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A NASA-backed citizen science project is taking a “census” of the universe 65 light-years from the sun

A NASA-backed citizen science project is taking a “census” of the universe 65 light-years from the sun

Artist's illustration of the brown dwarf named 2MASSJ22282889-431026. NASA's Hubble and Spitzer space telescopes observed the object to learn more about its turbulent atmosphere. Image source: NASA/JPL-Caltech.
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To perform a “Countifying” Nearby Cosmic ObjectsObviously, sending the survey won't work. Scientists need to use many telescopes of different specializations to map and list all the objects in the vicinity of the Sun.

So through the project Backyard Worlds: Planet 9YouCitizen scientists “help professional scientists create a new world”Census”, which resulted in more than 3,500 cosmic objectsThe US space agency says NASA.

new Stady Published in the magazine Astrophysical Journal The results of this census appear 65 light-years from the sun, and researchers have found this There are four times as many stars as brown dwarfswhat Low mass objects are more common than high mass objects.

Brown dwarfs

to Brown dwarfs Not quite stars or planetsIt is an element of the mesocosm. By comparison, it is more massive than Jupiter, but it does not fuse hydrogen into its core, as lower-mass stars do.

The Sun, red dwarf, brown dwarf, Jupiter and Earth
Comparative illustration between: our Sun, a low-mass red dwarf star, a brown dwarf, Jupiter and Earth. Credits: Social networks, textures provided in Cinema 4D R16 by Björn Jónsson, FarGetaNik, cube Apocalypse, and Planetkid32.

The study supports this idea The formation process of brown dwarfs is somewhat different from that of more massive stars. Both types of objects are thought to form when a cloud of gas and dust collapses, but there may be different “seeds” that determine whether it is one type of object or another.

Brown dwarfs are more massive and hotter than planets, but they do not have the mass necessary to become hot stars. Its atmosphere may be similar to that of the giant planet Jupiter.

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The next step in this line of research is Examining data from the space telescope James Webb NASA, which studies molecular clouds that contain the “seeds” of stars, brown dwarfs, and planets. Future research may reveal more about how these seeds differ from each other.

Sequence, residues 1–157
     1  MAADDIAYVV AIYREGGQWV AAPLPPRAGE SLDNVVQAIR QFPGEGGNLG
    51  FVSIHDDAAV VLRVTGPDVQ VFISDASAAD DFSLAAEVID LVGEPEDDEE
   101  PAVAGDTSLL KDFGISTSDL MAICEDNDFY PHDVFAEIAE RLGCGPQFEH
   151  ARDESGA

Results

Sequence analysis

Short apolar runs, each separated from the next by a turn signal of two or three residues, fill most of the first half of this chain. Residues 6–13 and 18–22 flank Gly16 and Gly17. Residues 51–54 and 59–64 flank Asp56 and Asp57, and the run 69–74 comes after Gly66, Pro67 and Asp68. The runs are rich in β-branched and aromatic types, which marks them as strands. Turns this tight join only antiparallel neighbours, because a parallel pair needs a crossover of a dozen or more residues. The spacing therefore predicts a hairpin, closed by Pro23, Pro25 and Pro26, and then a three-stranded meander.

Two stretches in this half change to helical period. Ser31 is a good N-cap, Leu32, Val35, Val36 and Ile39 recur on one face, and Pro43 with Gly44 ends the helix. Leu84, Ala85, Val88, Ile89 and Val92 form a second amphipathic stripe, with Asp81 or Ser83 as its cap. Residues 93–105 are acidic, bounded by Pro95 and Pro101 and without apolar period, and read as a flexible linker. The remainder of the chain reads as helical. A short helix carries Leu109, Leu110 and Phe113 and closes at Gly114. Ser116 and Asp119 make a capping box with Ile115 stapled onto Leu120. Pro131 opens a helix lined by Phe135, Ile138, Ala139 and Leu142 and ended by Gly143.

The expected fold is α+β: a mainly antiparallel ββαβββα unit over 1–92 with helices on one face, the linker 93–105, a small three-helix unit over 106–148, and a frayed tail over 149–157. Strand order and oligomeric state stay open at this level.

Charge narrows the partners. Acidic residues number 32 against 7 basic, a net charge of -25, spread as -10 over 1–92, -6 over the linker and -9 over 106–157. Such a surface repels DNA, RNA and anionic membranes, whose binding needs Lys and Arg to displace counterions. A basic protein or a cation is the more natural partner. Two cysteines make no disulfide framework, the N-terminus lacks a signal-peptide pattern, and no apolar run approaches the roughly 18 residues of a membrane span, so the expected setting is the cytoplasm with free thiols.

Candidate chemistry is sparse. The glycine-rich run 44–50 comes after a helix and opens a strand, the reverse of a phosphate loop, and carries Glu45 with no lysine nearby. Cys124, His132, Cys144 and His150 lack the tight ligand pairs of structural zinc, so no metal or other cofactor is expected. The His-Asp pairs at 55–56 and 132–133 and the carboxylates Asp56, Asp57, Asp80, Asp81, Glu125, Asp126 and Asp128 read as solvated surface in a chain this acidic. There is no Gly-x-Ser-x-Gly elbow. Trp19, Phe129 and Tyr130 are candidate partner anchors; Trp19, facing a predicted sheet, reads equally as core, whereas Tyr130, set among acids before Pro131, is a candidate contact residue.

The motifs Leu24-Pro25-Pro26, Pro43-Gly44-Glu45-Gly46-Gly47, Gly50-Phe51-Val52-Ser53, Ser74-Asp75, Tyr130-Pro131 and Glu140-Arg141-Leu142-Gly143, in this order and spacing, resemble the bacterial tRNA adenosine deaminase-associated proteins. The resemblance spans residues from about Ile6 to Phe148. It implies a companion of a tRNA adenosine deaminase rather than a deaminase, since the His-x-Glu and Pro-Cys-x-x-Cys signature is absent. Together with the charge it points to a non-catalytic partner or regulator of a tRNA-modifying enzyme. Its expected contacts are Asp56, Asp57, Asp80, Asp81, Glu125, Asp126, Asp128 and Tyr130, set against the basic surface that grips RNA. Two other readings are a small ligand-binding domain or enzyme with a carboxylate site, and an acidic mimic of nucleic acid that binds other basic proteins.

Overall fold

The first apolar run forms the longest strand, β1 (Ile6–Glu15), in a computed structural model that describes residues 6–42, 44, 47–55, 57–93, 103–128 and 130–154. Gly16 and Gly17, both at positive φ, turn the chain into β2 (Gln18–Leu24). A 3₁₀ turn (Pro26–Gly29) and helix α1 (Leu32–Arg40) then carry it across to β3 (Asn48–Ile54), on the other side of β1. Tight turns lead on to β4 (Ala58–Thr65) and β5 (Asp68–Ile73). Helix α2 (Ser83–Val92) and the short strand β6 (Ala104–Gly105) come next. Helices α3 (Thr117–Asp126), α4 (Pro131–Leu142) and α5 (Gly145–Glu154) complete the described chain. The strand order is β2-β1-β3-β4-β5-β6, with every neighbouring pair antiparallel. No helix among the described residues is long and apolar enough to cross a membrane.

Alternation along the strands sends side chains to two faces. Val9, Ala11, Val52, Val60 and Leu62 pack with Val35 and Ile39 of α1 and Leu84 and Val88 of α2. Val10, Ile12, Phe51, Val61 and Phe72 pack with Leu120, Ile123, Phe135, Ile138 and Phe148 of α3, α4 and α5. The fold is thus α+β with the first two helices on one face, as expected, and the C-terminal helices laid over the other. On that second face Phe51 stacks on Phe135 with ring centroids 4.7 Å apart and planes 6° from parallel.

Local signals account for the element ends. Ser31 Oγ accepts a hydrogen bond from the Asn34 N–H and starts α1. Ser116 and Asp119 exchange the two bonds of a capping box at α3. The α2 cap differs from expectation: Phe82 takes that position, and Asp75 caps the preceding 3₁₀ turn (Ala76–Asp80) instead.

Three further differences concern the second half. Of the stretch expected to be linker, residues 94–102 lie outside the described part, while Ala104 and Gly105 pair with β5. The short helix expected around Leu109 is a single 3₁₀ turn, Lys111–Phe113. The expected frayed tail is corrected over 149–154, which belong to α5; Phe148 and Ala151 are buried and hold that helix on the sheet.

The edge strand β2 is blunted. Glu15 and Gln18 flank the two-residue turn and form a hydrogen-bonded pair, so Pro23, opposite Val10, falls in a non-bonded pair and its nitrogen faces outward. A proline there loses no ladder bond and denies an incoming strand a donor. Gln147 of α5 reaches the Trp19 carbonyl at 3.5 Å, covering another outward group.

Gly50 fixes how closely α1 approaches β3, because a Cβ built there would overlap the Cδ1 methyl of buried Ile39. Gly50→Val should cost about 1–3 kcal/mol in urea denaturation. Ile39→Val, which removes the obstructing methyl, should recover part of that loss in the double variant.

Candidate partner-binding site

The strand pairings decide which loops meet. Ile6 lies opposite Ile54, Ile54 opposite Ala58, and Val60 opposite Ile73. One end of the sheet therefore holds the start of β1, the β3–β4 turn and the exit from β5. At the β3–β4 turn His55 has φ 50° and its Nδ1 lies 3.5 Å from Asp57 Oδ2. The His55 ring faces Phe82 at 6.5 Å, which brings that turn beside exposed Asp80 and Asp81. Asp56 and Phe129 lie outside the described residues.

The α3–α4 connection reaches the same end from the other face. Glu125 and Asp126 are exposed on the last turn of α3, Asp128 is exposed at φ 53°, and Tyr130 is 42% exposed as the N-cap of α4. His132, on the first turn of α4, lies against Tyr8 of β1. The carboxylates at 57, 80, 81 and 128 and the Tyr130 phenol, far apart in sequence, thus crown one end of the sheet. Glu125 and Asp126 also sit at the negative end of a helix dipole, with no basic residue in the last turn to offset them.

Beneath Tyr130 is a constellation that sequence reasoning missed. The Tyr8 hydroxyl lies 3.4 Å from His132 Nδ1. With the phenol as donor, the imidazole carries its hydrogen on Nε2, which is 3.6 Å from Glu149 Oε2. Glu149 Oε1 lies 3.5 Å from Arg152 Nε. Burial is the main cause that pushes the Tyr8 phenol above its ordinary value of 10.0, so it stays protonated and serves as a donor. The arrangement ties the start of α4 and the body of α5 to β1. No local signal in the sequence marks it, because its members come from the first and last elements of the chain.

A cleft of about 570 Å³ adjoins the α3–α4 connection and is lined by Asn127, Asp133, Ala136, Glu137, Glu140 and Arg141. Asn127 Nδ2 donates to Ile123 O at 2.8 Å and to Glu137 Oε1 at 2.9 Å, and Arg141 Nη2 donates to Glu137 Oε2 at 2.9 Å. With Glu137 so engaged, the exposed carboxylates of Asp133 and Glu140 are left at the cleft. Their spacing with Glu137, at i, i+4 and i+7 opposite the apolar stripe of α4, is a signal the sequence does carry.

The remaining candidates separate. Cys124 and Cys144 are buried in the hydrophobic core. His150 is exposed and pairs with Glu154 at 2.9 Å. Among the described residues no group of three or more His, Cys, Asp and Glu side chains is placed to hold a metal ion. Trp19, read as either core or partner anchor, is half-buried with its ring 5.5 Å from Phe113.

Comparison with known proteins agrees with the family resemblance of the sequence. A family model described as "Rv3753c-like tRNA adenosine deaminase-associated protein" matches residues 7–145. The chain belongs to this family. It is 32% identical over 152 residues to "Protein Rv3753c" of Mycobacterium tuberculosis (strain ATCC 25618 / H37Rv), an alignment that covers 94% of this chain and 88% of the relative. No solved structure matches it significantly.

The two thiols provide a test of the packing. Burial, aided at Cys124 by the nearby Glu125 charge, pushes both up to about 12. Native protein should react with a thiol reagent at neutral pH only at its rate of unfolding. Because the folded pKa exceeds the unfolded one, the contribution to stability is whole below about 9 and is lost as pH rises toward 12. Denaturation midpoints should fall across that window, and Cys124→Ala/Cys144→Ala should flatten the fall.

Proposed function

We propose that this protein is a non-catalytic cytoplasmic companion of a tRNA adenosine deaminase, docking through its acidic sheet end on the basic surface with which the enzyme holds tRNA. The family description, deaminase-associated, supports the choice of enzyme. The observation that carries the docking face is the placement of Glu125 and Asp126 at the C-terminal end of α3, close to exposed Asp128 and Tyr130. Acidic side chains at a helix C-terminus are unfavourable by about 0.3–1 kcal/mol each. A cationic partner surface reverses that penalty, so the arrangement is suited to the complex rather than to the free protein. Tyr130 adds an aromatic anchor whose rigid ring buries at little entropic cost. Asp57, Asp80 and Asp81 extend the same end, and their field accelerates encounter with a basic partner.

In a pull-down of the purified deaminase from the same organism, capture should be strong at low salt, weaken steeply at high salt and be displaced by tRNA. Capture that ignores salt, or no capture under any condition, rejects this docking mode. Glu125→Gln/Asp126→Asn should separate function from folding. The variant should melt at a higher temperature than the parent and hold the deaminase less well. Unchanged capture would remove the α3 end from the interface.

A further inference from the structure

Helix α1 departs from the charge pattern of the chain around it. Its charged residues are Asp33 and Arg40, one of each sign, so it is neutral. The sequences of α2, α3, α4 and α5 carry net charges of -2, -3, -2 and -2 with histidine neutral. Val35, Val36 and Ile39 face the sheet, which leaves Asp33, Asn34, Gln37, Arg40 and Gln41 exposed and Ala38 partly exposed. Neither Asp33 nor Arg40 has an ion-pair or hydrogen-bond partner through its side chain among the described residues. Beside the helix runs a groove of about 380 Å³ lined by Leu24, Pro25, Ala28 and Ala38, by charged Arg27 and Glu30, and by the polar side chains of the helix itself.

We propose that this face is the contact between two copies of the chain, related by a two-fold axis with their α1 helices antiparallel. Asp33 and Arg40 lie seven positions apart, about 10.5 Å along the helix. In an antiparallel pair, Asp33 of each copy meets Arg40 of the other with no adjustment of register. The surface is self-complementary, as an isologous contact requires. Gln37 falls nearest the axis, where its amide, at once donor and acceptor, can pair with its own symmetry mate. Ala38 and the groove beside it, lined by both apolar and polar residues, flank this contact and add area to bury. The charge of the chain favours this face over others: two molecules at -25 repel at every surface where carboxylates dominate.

Three “citizen scientists” of the project Backyard worlds He received observation time on the James Webb Space Telescope, as co-investigators on selected proposals for this instrument.

Citizen scientists

Scientists were able to organize the investigated objects according to three different types of masses, as the frequency of the objects changed suddenly. This indicates that There are different physical effects responsible for creating different types of things.

C said. “There's something about the star formation process buried in this data,” said Davey Kirkpatrick, lead author of the study and a researcher at IPAC (Infrared Processing and Analysis Center) at Harvard University. California Institute of Technology In Pasadena (California). “We have another clue about how this works.”

Citizen scientists sped up the process of identifying objects in this census by 10 to 15 years, compared to what it would have taken researchers to do the work without them, said J. David Kirkpatrick.

Through the project Backyard Worlds, Citizen scientists indicate whether objects in photo sets are “close” (within the general region of our Sun in the galaxy), and observing the movement of objects relative to the background.

Universe, objects, galaxy, sun
NASA's Citizen Science Project is surveying the universe 65 light-years from the Sun.

Using a A tool called WiseViewwas developed by a group of citizen scientists to easily collect images from the mission wise (Wide range infrared scanning detector) from NASA Volunteers Animation created to find moving objects. “They made the project more efficient for everyone,” Kirkpatrick said.

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Previously, citizen scientists helped research what was known about these objects in the scientific literature through the program excellent Ambassadorsalso created by Kirkpatrick.

Participate in citizen science projects associated with NASA

The citizen scientists who participated in and are credited with authoring this latest study, when they are not searching for cosmic data, are (as in the case of Leopold Grammais) working as security and operations managers at airports in Paris-Charles de Gaulle that it Le Bourget.

Brown dwarf
This concept artist shows citizen scientist William Pendrell, on the left, a cool brown dwarf called T Dwarf, and on the right, a hotter brown dwarf passing in front of a distant star. Credit: William Pendrell.

Gramiz learned about the project Backyard worlds In 2019, he liked the idea of ​​searching for brown dwarfs, which he had never heard of before. Grammayes became so interested in these things that he learned programming so he could search astronomical databases more quickly. As part of this particular study, he helped discover some brown dwarfs and helped review the scientific literature.

There are more than 40 citizen science projects associated with NASA. Participation is open to everyone worldwide and is not limited to US citizens or residents.

like April is Citizen Science Monthdon't miss the next Meteored report coming very soon about NASA's citizen science projects in collaboration between scientists and stakeholders right now.

News reference:

Kirkpatrick, J.D. et al. Initial mass function based on a 20-segment all-sky population of ∼3600 stars and brown dwarfs. Astrophysical Journal, Fifth. 271, no. 2, 2024.